Challenges

In the twentieth and twenty-first centuries, questions have been raised about whether there is such a thing as character at all. The existentialist philosopher Jean-Paul Sartre (19051980) charged that to explain a person's (one's own or someone else's) action in terms of his or her character is to assimilate the action to an event in the natural world (for which the character is an ad hoc explanation), denying the person's freedom and refusing the rational understanding that human action demands. In a separate development, a research tradition in experimental social psychology, "situationism," holds that people's behavior is not distinctive or consistent across a range of situations. These criticisms may apply more to the conception of character as revealed in signs than to the conception put forth in philosophical ethics.

See also Aristotelianism ; Good ; Kantianism ; Moral Sense ; Person, Idea of the ; Utilitarianism ; Virtue Ethics .

bibliography

Aristotle. Nicomachean Ethics. Translated by Christopher Rowe. Oxford and New York: Oxford University Press, 2002.

Bentham, Jeremy. The Principles of Morals and Legislation. Buffalo, N.Y.: Prometheus, 1988.

Boyce, Benjamin. The Theophrastan Character in England to 1642. Cambridge, Mass.: Harvard University Press, 1947.

Hume, David. A Treatise of Human Nature. Edited by L. A. Selby-Bigge. 2nd ed. Oxford: Clarendon; New York: Oxford University Press, 1978.

Kant, Immanuel. Anthropology from a Pragmatic Point of View. Translated by Mary J. Gregor. The Hague, Netherlands: M. Nijhoff, 1974.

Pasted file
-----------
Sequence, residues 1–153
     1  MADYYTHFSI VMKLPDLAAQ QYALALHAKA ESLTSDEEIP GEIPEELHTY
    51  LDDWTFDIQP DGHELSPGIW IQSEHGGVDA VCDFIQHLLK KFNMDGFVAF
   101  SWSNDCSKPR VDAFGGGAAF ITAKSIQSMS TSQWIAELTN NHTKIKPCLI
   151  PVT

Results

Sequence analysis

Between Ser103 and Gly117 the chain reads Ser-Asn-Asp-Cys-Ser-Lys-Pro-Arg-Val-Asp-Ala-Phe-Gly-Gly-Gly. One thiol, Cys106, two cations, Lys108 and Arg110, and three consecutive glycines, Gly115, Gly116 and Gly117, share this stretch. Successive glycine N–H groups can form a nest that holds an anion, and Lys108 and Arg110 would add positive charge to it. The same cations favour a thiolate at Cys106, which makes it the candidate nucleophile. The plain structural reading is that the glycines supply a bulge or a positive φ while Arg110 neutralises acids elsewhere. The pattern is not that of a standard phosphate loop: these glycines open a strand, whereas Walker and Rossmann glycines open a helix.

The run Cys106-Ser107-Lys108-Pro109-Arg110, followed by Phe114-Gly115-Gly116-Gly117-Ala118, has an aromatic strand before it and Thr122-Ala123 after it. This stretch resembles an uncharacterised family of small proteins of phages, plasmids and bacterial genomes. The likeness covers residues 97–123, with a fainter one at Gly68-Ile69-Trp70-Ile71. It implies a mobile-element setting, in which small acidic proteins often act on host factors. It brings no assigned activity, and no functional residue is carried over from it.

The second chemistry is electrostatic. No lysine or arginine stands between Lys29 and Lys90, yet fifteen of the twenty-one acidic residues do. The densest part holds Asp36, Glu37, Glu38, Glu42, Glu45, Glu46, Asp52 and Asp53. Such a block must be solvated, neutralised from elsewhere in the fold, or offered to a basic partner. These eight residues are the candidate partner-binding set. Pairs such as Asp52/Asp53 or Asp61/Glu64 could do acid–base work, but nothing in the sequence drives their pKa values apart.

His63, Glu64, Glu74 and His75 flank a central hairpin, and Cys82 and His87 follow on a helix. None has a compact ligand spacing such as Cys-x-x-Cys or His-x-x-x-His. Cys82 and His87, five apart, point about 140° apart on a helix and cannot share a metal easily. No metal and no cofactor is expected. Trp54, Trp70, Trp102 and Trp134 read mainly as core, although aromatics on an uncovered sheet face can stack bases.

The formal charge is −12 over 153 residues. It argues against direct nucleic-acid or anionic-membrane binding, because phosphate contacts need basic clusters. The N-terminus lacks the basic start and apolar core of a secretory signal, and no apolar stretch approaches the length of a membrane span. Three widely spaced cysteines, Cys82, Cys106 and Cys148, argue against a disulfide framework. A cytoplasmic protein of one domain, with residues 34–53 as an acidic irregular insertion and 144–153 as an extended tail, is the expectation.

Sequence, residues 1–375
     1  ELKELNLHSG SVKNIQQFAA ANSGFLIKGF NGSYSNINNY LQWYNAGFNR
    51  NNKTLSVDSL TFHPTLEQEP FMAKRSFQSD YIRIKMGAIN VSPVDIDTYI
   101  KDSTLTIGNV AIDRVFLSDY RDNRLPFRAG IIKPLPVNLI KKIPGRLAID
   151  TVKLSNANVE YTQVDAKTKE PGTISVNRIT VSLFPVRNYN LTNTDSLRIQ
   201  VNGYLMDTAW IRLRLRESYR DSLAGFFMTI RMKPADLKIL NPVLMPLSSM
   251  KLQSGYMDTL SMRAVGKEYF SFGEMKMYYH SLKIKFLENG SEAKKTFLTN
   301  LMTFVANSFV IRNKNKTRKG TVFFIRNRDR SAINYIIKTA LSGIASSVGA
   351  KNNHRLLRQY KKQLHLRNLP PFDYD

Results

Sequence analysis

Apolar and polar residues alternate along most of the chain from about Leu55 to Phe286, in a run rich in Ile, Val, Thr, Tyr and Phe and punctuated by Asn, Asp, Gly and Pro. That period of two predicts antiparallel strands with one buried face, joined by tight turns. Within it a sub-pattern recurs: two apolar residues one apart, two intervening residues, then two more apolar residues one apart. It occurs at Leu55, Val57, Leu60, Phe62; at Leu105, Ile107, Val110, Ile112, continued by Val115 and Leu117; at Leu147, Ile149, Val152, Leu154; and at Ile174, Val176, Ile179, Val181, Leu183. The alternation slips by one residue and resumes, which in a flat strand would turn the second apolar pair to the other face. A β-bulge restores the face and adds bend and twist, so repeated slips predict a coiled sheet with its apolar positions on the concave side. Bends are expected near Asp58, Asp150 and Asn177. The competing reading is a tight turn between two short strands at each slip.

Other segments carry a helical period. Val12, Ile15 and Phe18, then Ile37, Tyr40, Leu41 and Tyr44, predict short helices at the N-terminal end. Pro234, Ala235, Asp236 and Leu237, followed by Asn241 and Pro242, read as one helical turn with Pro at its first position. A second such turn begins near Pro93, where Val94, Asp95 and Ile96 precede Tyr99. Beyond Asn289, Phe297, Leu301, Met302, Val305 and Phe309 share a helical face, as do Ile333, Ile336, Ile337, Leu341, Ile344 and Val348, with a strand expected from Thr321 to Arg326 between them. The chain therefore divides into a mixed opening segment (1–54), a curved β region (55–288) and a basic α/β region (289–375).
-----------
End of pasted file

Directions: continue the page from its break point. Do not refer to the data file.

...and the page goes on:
. Practical Philosophy. Translated by Mary J. Gregor. Cambridge, U.K., and New York: Cambridge University Press, 1996. Includes Metaphysics of Morals and Groundwork for the Metaphysics of Morals.

Klibansky, Raymond, Erwin Panofsky, and Fritz Saxl. Saturn and Melancholy: Studies in the History of Natural Philosophy, Religion, and Art. New York: Basic Books, 1964.

Liddell, Henry George, and Robert Scott, comps. Greek-English Lexicon. Oxford: Clarendon; New York: Oxford University Press, 1996.

Mill, John Stuart. Essays on Politics and Culture. Edited by Gertrude Himmelfarb. Garden City, N.Y.: Doubleday, 1962.

. Utilitarianism. Edited by George Sher. Indianapolis: Hackett, 1979.

Railton, Peter. "How Thinking about Character and Utilitarianism Might Lead to Rethinking the Character of Utilitarianism." Midwest Studies in Philosophy 13 (1988): 398416.